The quartet were adept at dropping into spaces between the lines, situating themselves behind the midfield press of the home side and therefore able to receive on the half-turn at run at the Wednesday defence – Celina in particular, being the ‘number ten’ in the system. Cooper alluded in his post-match interview that their game plan relied heavily on being able to find the tricky attacker in between the lines, and when they did they invariably looked a very dangerous attacking unit. His ability to receive and turn in an instant was vital to their success in transition and being able to hurt Wednesday on the counter, and so in order to do so he frequently popped up in clever positions that allowed him the chance to do just this – as can be seen below.
With Lee and Bannan here relatively stretched horizontally, Celina is able to occupy the space behind the pair and receive instantly upon turnover of possession. However, Wednesday’s tactics allowed him to be a success within such a tactic – as we will now analyse.
As it was a 2 v 3 centrally in the Swans’ favour, the tactic preferred by Monk was for his central two to engage Swansea’s midfield two in the hope of squeezing them deep into the lower central defensive third and thereby preventing the service to Celina.
However, the use of such a tactic meant that acres of space was left in-behind the pair and ahead of their back four for any of Swansea’s attackers to drift into unmarked. The Wednesday two had to be aggressive in their pressing and engagement of Grimes and Byers, yet if the Swans could move the ball sharply and quickly enough then they were able to bypass this press and allow their creative talents to receive the ball in offensively dangerous positions.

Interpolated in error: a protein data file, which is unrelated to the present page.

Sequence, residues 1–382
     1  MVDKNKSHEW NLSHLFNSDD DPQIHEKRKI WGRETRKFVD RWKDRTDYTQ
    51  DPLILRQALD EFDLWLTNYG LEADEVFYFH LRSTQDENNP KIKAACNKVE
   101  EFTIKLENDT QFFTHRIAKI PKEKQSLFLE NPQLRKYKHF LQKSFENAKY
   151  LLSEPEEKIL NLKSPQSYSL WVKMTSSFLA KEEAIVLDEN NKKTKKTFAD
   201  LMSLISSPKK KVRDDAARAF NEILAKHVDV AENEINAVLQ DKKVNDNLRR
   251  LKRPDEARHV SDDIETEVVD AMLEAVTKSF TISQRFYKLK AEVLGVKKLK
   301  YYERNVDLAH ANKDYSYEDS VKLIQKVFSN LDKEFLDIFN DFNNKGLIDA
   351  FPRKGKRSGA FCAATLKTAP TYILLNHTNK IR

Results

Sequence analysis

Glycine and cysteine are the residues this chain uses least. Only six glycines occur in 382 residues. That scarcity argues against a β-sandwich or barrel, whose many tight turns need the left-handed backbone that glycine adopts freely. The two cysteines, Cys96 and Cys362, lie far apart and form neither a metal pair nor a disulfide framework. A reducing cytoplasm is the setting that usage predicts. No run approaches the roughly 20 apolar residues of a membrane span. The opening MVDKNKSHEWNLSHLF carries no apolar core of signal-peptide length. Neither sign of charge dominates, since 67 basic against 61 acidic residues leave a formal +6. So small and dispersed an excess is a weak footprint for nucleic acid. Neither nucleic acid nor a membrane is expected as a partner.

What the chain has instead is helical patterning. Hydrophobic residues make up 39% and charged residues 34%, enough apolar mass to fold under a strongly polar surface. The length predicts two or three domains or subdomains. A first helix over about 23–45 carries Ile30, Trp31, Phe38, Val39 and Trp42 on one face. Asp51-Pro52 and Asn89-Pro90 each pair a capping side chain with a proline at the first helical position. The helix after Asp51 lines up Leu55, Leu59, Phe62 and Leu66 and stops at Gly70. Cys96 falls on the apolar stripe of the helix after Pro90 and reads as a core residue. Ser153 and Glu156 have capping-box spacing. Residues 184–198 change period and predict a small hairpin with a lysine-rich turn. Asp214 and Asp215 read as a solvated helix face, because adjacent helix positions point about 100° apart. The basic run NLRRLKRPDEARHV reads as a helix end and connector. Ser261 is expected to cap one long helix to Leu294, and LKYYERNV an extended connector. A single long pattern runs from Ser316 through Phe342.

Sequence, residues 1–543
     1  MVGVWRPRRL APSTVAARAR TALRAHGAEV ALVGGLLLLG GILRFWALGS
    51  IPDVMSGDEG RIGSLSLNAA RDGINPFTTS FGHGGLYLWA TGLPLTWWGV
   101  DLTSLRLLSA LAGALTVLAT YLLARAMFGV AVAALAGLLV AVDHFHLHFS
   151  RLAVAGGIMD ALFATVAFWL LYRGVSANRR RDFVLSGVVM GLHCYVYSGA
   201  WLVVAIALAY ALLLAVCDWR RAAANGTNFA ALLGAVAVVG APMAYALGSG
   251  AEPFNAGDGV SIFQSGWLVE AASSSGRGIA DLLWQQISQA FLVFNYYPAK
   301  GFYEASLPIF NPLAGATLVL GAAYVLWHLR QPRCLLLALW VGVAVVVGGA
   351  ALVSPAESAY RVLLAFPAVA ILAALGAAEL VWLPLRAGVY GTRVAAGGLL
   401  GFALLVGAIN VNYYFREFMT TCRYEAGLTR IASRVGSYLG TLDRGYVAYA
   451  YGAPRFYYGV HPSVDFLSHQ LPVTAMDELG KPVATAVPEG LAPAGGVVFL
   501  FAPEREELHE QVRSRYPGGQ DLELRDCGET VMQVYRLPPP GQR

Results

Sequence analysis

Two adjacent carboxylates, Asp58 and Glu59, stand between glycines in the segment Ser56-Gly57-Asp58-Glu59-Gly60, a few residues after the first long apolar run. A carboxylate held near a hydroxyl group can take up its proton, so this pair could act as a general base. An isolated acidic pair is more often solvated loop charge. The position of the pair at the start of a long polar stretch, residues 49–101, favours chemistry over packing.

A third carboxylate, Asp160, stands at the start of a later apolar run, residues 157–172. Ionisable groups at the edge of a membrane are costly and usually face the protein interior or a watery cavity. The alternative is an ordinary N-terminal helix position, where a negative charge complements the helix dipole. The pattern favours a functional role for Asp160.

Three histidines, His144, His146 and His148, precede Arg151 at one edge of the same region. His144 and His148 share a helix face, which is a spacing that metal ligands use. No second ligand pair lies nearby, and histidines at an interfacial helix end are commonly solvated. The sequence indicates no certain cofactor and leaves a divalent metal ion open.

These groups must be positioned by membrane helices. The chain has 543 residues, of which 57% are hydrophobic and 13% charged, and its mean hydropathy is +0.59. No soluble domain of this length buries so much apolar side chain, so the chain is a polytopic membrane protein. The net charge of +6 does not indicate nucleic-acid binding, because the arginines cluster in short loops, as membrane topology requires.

The intent of Bannan and Lee can clearly be seen in the image below, with the duo tight on their respective individual opponents. However, this has left a gaping hole, highlighted in yellow, for any Swansea attacker to take up, and although it remained unoccupied on this occasion, it is a clear indicator as to how Cooper was trying to set his team up to attack.
The below example is a slight variation, albeit in the same overall tactical theme, in that is Byers who profits from the Wednesday press as opposed to Celina. Again, the Owls’ midfield two are unable to stop the ball being moved into the area in-behind them, with Byers able to step up into such a position and receive from Grimes. This was a smart and well thought out tactic implemented by the Welshmen, taking advantage of a weakness with Wednesday’s system: their only grievance will be the fact that they were unable to heavily profit from it.
There is no doubt that it was an enthralling game, and Wednesday will be hugely frustrated that they were unable to take the points that their chances created and territory arguably deserved. However, it should be noted that Swansea came with an effective game plan of which to hurt the Owls from, and they too will be disappointed to not have left with more.